Preface vii Acknowledgments ix About the Authors xi Chapter 1: The Web Is Different 1 Chapter 2: Gathering Information on the Target 11 Chapter 3: Attacking the Client 29 Chapter 4: State-Based Attacks 41 Chapter 5: Attacking User-Supplied Input Data 65 Chapter 6: Language-Based Attacks 85 Chapter 7: Attacking the Server 99 Chapter 8: Authentication 115 Chapter 9: Privacy 135 Chapter 10: Web Services 149 Appendix A: Fifty Years of Software: Key Principles for Quality 159 Appendix B: Flowershop Bugs 171 Appendix C: Tools 179 Index 207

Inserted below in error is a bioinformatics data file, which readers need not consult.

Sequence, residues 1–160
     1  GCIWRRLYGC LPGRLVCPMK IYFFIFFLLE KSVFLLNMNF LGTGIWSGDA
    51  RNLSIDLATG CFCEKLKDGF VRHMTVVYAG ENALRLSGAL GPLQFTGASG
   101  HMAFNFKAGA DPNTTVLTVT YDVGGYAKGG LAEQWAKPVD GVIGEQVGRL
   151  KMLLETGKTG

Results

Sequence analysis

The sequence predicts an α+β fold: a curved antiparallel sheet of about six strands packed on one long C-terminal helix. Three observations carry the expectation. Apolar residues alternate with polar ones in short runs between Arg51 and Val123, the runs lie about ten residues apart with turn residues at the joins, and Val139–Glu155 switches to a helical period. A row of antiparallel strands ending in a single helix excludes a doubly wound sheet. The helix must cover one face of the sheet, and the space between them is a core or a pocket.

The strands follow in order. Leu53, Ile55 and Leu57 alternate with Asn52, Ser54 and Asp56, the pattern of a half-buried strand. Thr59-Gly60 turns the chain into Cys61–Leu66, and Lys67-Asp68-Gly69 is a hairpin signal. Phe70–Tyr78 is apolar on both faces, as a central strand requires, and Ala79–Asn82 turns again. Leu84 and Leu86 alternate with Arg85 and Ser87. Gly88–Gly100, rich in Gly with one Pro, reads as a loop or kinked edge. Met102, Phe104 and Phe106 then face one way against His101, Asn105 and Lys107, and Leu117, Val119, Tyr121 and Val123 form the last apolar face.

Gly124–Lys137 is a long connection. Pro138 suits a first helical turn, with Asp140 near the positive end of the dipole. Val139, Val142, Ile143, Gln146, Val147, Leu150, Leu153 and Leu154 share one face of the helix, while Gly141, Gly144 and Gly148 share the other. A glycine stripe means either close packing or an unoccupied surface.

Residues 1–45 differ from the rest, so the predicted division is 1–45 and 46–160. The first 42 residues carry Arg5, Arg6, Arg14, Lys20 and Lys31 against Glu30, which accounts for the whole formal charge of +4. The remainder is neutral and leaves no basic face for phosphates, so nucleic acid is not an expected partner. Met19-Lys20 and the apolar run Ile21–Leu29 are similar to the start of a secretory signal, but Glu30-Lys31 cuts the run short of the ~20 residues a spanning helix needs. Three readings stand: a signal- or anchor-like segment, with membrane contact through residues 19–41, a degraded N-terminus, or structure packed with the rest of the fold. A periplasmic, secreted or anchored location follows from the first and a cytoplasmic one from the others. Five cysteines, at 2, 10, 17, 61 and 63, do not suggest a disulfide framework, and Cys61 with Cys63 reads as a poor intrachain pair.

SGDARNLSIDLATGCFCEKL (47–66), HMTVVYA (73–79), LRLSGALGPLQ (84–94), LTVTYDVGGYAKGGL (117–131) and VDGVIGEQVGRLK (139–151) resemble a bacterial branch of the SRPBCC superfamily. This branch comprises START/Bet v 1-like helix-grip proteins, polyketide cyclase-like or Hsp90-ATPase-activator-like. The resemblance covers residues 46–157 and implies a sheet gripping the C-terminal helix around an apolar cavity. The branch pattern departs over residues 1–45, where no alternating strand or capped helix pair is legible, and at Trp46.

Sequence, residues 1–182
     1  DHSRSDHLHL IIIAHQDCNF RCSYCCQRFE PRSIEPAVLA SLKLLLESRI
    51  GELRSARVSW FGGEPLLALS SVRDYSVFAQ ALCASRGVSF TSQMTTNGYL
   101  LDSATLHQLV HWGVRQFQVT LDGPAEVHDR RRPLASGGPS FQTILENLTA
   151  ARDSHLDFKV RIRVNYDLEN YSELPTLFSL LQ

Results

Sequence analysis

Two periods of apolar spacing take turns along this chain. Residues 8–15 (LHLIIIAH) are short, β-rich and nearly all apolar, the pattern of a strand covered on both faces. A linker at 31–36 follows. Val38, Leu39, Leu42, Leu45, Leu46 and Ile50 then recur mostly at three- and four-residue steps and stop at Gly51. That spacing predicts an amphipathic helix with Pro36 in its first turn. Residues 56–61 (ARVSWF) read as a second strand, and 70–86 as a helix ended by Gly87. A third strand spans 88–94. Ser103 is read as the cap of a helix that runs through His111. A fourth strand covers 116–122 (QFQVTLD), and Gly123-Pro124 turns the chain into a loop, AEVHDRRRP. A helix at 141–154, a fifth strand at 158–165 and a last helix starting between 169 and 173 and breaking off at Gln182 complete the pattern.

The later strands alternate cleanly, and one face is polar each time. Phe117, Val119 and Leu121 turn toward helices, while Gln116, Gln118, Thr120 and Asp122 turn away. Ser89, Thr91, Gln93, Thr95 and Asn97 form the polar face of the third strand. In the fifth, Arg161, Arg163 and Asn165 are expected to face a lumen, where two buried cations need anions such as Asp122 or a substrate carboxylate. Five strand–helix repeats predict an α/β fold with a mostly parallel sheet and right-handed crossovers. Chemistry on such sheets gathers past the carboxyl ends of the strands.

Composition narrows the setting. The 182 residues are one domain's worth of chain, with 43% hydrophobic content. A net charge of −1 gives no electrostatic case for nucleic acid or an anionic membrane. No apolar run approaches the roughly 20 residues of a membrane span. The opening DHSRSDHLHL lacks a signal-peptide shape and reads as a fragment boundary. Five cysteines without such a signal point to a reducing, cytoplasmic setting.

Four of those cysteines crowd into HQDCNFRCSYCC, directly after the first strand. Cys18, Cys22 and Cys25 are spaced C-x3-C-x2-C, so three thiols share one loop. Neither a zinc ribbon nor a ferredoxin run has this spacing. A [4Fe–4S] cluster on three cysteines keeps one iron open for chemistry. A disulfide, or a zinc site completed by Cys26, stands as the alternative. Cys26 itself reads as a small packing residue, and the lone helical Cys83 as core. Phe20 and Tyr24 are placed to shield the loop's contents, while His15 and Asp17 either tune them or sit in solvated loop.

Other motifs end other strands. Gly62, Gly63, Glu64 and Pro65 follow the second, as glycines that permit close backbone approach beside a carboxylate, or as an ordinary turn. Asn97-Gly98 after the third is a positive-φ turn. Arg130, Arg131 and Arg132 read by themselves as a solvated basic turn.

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Mike Andrewsis a senior consultant at Foundstone who specializes in software security and leads the Web application security assessments and Ultimate Web Hacking classes. He brings with him a wealth of commercial and educational experience from both sides of the Atlantic and is a widely published author and speaker. Before joining Foundstone, Mike was a freelance consultant and developer of Web-based information systems, working with clients such as The Economist, the London transport authority, and various United Kingdom universities. In 2002, after being an instructor and researcher for a number of years, Mike joined the Florida Institute of Technology as an assistant professor, where he was responsible for research projects and independent security reviews for the Office of Naval Research, Air Force Research Labs, and Microsoft Corporation. Mike holds a Ph.D. in computer science from the University of Kent at Canterbury in the United Kingdom, where his focus was on debugging tools and programmer psychology. James A. Whittaker is a professor of computer science at the Florida Institute of Technology (Florida Tech) and is founder of Security Innovation. In 1992, he earned his Ph.D. in computer science from the University of Tennessee. His research interests are software testing, software security, software vulnerability testing, and anticyber warfare technology. James is the author of How to Break Software (Addison-Wesley, 2002) and coauthor (with Hugh Thompson) of How to Break Software Security (Addison-Wesley, 2003), and over fifty peer-reviewed papers on software development and computer security. He holds patents on various inventions in software testing and defensive security applications and has attracted millions in funding, sponsorship, and license agreements while a professor at Florida Tech. He has also served as a testing and security consultant for Microsoft, IBM, Rational, and many other United States companies. In 2001, James was appointed to Microsoft's Trustworthy Computing Academic Advisory Board and was named a "Top Scholar" by the editors of the Journal of Systems and Software, based on his research publications in software engineering. His research team at Florida Tech is known for its testing technologies and tools, which include the highly acclaimed runtime fault injection tool Holodeck. His research group is also well known for their development of exploits against software security, including cracking encryption, passwords and infiltrating protected networks via novel attacks against software defenses.